Green Printing and Plastic: No Longer Strange Bedfellows
Thanks to the growing popularity of eco-friendly sheetfed presses and the performance of UV inks and coatings on non-absorptive substrates like plastic, offset printers can participate more fully and profitably in markets previously hampered by the inability of offset inks to penetrate the plastic substrate, e.g., POP and display; credit, membership and gift cards; packaging graphics and labels; security and brand protection; etc. On the digital side, UV-curable wide-format ink-jet technologies are exploding in popularity, while digital roll-to-roll, digital cut-sheet and digital offset presses offered by KBA, Kodak, Presstek, Ryobi and Screen, among others, now feature UV options.
According to independent UV print consultant and former plastic printer Kurt Kroening, “Companies considering getting into the business of plastic printing would be well-advised to master the nuances of UV technology first, rather than risk expensive misfires.” A short list of the technical challenges associated with UV printing on plastic includes the need to adjust for a narrower window when setting the ink/water balance; the need to adapt printing profiles to compensate for the higher dot gain; and the need to control ink film thickness to promote curing.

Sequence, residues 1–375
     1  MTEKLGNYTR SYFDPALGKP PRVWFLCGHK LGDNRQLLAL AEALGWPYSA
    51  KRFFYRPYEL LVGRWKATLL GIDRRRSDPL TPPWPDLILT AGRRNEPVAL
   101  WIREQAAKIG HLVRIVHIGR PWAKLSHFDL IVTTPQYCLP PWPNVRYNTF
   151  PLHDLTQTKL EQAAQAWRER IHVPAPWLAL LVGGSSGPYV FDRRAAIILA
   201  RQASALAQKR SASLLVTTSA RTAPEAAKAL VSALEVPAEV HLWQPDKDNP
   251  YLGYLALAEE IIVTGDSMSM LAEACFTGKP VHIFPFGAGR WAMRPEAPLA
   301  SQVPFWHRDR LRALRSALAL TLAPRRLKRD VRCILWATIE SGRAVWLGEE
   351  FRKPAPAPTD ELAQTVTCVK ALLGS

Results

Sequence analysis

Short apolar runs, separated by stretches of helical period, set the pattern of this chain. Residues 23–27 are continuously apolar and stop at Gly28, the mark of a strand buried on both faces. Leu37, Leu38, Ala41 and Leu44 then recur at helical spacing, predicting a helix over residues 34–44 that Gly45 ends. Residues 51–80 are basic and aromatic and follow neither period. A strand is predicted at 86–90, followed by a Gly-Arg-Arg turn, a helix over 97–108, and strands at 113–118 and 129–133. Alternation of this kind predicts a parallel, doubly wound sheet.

Chemically or naturally biodegradable or compostable plastics made mostly or entirely from renewable resources represent one focus of an emerging industry intent on making products that enable users to control when and how the substrate degrades, while ensuring that the product remains viable and functional while still in use.
Technically, all bio- and petroleum-based plastics are biodegradable, meaning they can be broken down or degraded by microbes under suitable conditions; however, for all practical purposes, many degrade so slowly as to be considered non-biodegradable. What makes a given plastic “green,” therefore, is one or more of the following characteristics: (1) It is made from renewable ingredients; (2) it can be returned safely to the environment after use; and (3) it is manufactured in an environmentally friendly manner. One of the most familiar bioplastics is cellophane, a sheet material derived from cellulose plant fiber.